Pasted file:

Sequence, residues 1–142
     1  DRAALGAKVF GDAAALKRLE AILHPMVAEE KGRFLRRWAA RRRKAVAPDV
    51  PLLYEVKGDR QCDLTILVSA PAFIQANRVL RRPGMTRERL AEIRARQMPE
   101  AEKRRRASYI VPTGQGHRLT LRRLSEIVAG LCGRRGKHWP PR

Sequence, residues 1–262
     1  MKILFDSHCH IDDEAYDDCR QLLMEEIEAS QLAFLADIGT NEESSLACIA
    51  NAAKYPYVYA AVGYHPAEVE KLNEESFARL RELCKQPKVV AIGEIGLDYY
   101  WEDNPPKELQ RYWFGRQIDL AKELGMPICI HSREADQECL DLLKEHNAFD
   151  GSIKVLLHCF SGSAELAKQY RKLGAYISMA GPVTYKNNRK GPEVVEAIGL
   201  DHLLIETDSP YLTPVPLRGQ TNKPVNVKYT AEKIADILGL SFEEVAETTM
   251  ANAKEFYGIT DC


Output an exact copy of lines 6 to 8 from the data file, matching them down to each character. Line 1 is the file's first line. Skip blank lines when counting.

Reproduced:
     1  MKILFDSHCH IDDEAYDDCR QLLMEEIEAS QLAFLADIGT NEESSLACIA
    51  NAAKYPYVYA AVGYHPAEVE KLNEESFARL RELCKQPKVV AIGEIGLDYY
   101  WEDNPPKELQ RYWFGRQIDL AKELGMPICI HSREADQECL DLLKEHNAFD